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Hans Schlaikier, Hedgeweek

Emerging market hedge funds lead Q3 returns… Blue Rice hedge fund to shut …

The HFRI Emerging Markets (EM) Total Index gained 3.0 per cent in 3Q13 and 2.5 per cent in October, bringing YTD performance for the EM Index to +4.7 per cent, outdistancing most individual EM local equity markets, according to HFR.

Total hedge fund capital invested in Emerging Markets increased to USD161.0 billion (Chinese RMB 980 B, Russian Ruble 5.29 trillion, Brazil Real 377 B, Indian Ruppee 10.3 trillion, Saudi Riyal 604 billion), the fifth consecutive quarterly record asset level for EM hedge fund capital.

EM performance gains in 3Q13 were led by funds investing in China, Korea, Russia and the Middle East, as equity markets recovered from losses experienced in the first half of 2013 (1H13).

The HFRX China Index gained 3.8 per cent in 3Q, bringing YTD performance to +10.5 per cent, leading the performance of Chinese equities by over 1600 basis points (bps). HFRX Korea Index posted a strong gain of 4.3 per cent in 3Q, topping the YTD performance of Korean equities by over 250 bps. Hedge fund capital invested in Emerging Asia increased by USD1.8 billion in 3Q to USD42.3 billion.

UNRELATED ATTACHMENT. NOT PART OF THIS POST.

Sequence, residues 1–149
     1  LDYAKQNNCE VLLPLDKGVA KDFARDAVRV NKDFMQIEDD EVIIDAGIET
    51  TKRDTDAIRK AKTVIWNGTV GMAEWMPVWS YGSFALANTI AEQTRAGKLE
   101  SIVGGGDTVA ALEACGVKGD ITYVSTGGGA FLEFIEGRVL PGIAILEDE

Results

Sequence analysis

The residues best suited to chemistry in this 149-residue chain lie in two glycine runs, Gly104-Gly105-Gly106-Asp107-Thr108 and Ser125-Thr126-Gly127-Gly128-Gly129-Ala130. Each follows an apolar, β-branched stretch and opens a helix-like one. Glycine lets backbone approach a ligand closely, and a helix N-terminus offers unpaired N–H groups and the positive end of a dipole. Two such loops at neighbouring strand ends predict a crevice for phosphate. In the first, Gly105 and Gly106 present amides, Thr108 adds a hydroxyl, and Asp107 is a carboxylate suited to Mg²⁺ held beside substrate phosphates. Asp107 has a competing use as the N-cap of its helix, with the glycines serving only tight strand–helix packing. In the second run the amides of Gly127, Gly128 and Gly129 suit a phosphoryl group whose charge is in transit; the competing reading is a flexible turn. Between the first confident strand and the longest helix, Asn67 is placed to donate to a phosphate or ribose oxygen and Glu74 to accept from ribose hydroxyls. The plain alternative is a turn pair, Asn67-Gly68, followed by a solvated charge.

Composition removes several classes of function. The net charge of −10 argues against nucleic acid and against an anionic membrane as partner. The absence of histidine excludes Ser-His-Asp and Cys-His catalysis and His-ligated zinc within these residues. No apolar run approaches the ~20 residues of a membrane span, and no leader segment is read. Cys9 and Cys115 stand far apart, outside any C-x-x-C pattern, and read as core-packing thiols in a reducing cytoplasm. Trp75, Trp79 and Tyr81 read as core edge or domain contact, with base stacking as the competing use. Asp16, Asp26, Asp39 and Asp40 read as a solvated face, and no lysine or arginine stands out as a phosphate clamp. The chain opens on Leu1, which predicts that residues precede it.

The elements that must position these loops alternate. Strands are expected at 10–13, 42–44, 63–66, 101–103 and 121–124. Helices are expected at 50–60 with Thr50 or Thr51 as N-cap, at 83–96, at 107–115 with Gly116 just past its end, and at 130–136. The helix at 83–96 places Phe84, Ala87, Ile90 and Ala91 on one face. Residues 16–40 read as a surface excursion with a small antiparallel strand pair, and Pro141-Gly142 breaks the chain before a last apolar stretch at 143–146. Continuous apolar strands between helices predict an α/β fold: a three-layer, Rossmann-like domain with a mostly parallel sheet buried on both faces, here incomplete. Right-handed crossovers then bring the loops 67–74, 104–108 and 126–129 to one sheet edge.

“Reversing significant declines in 1H13, EM equities posted a strong rebound in 3Q on continuation of US Federal Reserve stimulus measures (QE), extending gains of EM hedge funds which were well positioned for the equity and currency rebound, and driving total EM capital to a new record level,” stated Kenneth J. Heinz, President of HFR.

“With the prospect of US stimulus (QE) extraction still salient and likely to occur in coming months, EM hedge funds are positioning for unpredictable volatility and dislocations across EM currency, commodity, equity and fixed income markets which may occur despite continuing economic recovery across both developed and emerging markets. The EM environment is likely to continue to be dominated by these powerful trends, creating new opportunities and exposing new risks as EM and developed markets transition from the stimulus support which has defined the past few years of financial market performance.”

Blue Rice Investment Management, founded in 2009 by the former chief investment officer for Korea Investment Corporation, Guan Ong, will return capital by the end of 2013, he told Reuters on Tuesday, adding to a growing list of fund closings in the region.